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Why Has a Paver Road Through Mollem National Park Angered Goans?

The construction of a paver road from Mollem to Dudhsagar has environment activists in Goa worried. Here's why.

Updated
Climate Change
4 min read
<div class="paragraphs"><p>The construction of a 26km long paver road from Mollem to Dudhsagar has environment activists in Goa worried.</p></div>
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The Mollem National Park in Goa, in the Western Ghats — one of the eight hottest biodiversity spots in the world — is back in headlines as citizens and climate activists have raised concerns over the construction of a 26km-long paver road from Mollem to Dudhsagar.

Approximately 10km-long stretch of this road passes entirely through the Mollem National Park and is protected under the provisions of the Wildlife Protection Act, 1975, which states that any construction activity within a protected forest area requires a No Objection Certificate (NOC) from state wildlife advisory board or the standing committee of the national board of wildlife.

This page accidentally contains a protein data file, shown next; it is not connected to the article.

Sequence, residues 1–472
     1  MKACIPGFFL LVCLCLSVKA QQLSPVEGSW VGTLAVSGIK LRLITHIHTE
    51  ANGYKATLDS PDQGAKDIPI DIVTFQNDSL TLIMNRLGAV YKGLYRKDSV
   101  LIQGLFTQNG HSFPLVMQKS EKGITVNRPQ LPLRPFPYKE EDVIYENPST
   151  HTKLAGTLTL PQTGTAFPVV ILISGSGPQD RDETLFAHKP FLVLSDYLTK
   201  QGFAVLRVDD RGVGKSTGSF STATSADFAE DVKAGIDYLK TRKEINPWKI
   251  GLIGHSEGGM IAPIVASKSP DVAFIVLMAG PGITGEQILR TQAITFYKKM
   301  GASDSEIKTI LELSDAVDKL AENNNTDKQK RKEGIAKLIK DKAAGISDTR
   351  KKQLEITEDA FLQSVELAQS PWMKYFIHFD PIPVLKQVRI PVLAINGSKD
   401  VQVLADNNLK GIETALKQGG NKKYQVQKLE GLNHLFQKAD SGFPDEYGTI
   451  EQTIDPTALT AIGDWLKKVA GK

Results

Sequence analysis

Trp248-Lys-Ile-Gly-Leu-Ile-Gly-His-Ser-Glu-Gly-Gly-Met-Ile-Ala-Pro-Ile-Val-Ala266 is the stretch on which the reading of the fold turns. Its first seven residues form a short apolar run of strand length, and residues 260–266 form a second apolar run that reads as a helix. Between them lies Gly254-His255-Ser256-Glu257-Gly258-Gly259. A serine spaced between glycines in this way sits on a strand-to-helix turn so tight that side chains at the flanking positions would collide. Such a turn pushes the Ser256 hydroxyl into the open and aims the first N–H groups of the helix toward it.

The Goa Foundation, a group of environmental activists based out of Goa, has moved the High Court of Bombay at Goa seeking an order to stop all development and construction work within the Mollem National Park.

The Bombay High Court at Goa has now stayed further construction of a paver road from Collem to Dudhsagar in the Mollem National Park. The court has permitted the PWD to carry out routine repair and maintenance activities and seek the approval of Standing Committee of National Board of Wildlife for other projects.

What is this paver road project? Why are environmentalists and climate activists concerned, and what are the threats to Mollem's biodiversity?

Why Has a Paver Road Through Mollem National Park Angered Goans?

  1. 1. What Is The Paver Road Project & Why Are Environmentalists Concerned?

    Earlier in August, environmental activists from The Goa Foundation were informed by several residents from villages near the Mollem National Park that certain 'construction activities' are being carried out inside the park.

    The Quint spoke to Goa-based environmental activist Claude Alvares who is also the director of The Goa Foundation. Alvares told us that bulldozers are actively working in the National Park and culvert pipes and rubble have been brought in, in large number.

    "From what we know so far, the plan is to build an all-weather paver road which will involve almost daily movement of approximately 240 jeeps carrying visitors and tourists. Earlier, this used to happen only outside the monsoon season. The new road will allow traffic movement throughout the year. This is a serious problem because the sanctuary gets its chance to recover only during the four months of monsoon."
    Claude Alvares, Environmentalist
    <div class="paragraphs"><p>Construction work being carried out at the Mollem National Park.</p></div>